In a lease option the seller is paid a monthly rent and then the purchase price once the option is exercised. Agents can try to negotiate an upfront commission or a percentage of the monthly rent. Unless something else is worked out in advance, the agents are paid at the end of the transaction.
In many lease options there are possession agreement. There are two types of possession agreements. Pre settlement possession (where the buyer takes possession before closing) and post settlement (where the seller stays beyond closing). Several suggestions are made depending on which party is being represented. A license agreement instead of a possession agreement is recommended when representing the seller. This way the buyer has more of a limited authority and would not be perceived as a tenant landlord relationship. For example; giving the buyer license to use the property to store their belongings rather than giving them possession to the property. This gives the seller a stronger position if there is a default. A security deposit is recommended and if you are the party granting possession, it is recommended that you get as large of a deposit as you can. Rent fees are often based on the PITI of the property and are always negotiable. If it is a pre- settlement possession, make sure that the buyer completed a walk though before the possession and waives their rights to the walk through at closing. If it is post possession the seller should do a waiver of claims on the buyer. The buyer might have a provision that the seller will deliver the property in the same condition as before and remedies for any breech.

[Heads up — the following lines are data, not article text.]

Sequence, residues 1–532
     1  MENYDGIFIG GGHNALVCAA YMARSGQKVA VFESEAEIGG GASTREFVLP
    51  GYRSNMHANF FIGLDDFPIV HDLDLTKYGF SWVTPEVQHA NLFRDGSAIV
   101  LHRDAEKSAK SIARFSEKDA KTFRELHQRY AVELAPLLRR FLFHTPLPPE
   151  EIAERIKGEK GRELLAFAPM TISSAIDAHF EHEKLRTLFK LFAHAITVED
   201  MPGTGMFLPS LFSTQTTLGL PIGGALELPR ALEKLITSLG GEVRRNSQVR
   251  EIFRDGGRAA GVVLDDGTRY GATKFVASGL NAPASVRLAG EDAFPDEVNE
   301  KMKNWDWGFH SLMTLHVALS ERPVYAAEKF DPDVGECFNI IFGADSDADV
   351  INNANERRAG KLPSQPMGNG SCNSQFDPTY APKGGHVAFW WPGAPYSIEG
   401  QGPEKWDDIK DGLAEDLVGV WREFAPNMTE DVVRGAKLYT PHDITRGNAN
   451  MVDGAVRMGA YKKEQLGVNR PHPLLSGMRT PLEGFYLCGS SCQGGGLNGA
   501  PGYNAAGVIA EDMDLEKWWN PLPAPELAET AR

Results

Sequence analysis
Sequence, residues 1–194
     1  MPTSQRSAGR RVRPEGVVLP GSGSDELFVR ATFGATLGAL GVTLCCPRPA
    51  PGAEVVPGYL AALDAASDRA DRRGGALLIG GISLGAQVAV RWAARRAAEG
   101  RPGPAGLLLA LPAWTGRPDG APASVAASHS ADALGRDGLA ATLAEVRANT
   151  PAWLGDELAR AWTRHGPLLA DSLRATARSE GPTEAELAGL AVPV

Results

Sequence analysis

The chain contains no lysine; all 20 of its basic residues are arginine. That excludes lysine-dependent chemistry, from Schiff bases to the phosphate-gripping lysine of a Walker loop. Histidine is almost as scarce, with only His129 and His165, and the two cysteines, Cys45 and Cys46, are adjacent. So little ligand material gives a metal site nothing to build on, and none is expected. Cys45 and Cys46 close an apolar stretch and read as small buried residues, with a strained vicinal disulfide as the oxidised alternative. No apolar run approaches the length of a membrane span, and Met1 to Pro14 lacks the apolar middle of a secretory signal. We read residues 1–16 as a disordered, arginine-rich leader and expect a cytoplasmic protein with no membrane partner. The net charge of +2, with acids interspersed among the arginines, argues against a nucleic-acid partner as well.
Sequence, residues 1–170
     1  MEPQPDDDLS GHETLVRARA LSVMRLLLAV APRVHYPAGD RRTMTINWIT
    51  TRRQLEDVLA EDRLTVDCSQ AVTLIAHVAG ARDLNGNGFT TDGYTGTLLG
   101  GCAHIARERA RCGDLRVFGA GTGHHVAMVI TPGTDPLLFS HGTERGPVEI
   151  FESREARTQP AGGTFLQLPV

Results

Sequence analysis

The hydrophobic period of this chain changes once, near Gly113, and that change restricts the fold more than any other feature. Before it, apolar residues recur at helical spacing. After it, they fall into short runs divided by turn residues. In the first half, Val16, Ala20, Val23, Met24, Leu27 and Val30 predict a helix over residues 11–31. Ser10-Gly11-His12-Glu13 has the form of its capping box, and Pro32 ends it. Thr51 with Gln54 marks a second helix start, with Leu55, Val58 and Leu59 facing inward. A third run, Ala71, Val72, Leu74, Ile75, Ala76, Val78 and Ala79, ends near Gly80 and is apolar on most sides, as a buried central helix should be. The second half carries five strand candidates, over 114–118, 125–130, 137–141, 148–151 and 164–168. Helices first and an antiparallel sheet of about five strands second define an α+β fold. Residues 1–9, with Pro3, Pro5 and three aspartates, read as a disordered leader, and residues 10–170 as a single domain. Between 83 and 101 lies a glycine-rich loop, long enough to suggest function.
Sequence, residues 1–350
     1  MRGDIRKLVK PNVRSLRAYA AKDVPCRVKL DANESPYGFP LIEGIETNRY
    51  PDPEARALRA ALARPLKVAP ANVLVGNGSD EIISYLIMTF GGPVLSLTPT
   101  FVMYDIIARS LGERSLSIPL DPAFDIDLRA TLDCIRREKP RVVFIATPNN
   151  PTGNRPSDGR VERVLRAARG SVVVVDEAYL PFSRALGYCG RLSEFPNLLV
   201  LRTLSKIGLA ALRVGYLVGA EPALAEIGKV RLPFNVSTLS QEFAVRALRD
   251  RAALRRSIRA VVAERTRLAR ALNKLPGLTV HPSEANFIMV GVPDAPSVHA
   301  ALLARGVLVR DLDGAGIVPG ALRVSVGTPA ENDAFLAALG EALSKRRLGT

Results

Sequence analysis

Make sure that the proper insurance policies are in place for both the property and the possessions. It is suggested that there be an indemnity agreement where either party holds the other one harmless if there is any injury or property damage on the property while they are in possession. It needs to be spelled out who is responsible for utilities and maintenance and the covenence of the homeowners association while having possession of the property. There should be a provision for surrendering default that requires the party in default to surrender and pay some kind of steep penalty. This way it will force the defaulting party to move out of the property sooner.
When buying a home that has tenants in it, the buyer should have the seller represent and warrant certain things. For an example; that the rent payments are current, there are no defaults under the lease agreements, no rents were paid in advance, no parties are in possession that are not under written leases and that the tenants and seller are not in default in any other way.
At closing, you should get the original leases, a letter certifying that the tenants have been given notice of change the address for the rent payments, all security deposits and a pro-rated payment for that month’s rent.